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At about 1215 Eastern Standard Time on 5 October 2006, the pilot of a British Aircraft Corporation 167 Strikemaster aircraft, registered VH-AKY, took off from Bathurst, NSW, for a 25-minute adventure flight with one passenger. The flight was intended to include high-level aerobatics followed by a low-level simulated strike mission. When the aircraft failed to return, a search was initiated and the aircraft wreckage was located in the Turon State Forest about 20 km to the north-east of Bathurst. The ground impact started a fuel-fed fire that resulted in a large bushfire, which took several days to contain. The pilot and passenger were fatally injured.

The engine was producing significant power at the time of impact and the wing flaps and landing gear were retracted. The right wing and tail had separated from the aircraft. Separation of the right wing was precipitated by pre-existing fatigue cracking in the right wing upper main spar attachment lug.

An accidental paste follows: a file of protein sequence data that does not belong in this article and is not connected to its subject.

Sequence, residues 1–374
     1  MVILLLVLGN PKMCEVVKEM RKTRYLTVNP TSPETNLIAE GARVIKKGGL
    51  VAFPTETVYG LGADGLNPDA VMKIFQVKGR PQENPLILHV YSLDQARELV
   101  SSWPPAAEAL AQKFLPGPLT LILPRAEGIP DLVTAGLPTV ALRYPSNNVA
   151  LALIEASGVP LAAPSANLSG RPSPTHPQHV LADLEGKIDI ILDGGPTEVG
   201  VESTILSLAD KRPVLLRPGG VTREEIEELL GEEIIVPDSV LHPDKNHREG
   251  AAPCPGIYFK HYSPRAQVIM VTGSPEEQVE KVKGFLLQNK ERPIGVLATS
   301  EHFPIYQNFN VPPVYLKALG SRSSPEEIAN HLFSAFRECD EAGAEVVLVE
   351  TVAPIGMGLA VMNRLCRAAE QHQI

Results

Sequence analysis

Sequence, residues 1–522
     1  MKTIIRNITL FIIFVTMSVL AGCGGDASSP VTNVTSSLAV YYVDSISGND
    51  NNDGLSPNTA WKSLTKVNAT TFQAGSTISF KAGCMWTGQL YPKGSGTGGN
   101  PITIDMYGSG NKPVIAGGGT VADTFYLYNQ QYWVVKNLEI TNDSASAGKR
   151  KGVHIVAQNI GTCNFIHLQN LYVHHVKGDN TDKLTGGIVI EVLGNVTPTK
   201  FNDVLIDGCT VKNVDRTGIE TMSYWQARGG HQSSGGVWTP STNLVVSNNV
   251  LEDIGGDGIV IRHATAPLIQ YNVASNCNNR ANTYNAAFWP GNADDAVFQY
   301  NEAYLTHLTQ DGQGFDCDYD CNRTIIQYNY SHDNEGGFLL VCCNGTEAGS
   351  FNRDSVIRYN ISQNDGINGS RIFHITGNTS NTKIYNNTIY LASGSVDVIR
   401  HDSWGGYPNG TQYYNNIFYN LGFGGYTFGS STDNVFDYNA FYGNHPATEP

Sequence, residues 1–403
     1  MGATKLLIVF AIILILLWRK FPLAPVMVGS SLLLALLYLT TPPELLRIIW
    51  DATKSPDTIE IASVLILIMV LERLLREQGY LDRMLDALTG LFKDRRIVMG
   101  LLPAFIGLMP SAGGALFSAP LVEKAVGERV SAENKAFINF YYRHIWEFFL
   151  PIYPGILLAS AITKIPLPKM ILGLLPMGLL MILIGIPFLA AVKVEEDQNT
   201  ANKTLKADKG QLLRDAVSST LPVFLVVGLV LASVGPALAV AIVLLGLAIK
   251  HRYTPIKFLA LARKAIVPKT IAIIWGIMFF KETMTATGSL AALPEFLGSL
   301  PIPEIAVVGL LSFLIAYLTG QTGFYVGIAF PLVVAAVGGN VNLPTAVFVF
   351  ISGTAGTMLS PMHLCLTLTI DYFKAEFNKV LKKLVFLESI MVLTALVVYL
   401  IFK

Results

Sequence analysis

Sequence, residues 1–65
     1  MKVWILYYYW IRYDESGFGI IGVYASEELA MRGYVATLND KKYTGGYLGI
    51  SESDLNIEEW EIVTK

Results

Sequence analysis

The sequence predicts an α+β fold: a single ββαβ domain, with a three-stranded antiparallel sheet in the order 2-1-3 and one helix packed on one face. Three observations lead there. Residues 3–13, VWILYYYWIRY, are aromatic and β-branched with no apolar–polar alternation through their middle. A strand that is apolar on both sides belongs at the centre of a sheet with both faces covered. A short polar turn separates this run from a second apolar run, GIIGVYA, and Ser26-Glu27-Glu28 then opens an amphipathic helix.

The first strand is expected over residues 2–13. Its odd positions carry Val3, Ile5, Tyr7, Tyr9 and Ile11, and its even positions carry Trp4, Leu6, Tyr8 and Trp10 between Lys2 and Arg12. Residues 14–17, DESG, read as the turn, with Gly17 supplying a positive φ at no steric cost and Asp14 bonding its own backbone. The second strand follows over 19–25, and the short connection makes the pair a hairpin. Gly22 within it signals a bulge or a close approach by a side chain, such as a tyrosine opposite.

During the low-level simulated strike mission, the aircraft broke up in flight. The majority of the available evidence was consistent with a break-up initiated by separation of the tail surfaces leading to the separation of the weakened right wing.

As a result of this occurrence, the Australian Transport Safety Bureau (ATSB) briefed the Civil Aviation Safety Authority (CASA) and the UK Civil Aviation Authority on findings relating to the separation of the wing and tail. CASA has released a number of Airworthiness Bulletins to alert Australian operators of issues relating to Strikemaster and Jet Provost aircraft. CASA has also approved the Australian Warbirds Association Limited to administer aircraft operating under the Limited Category.

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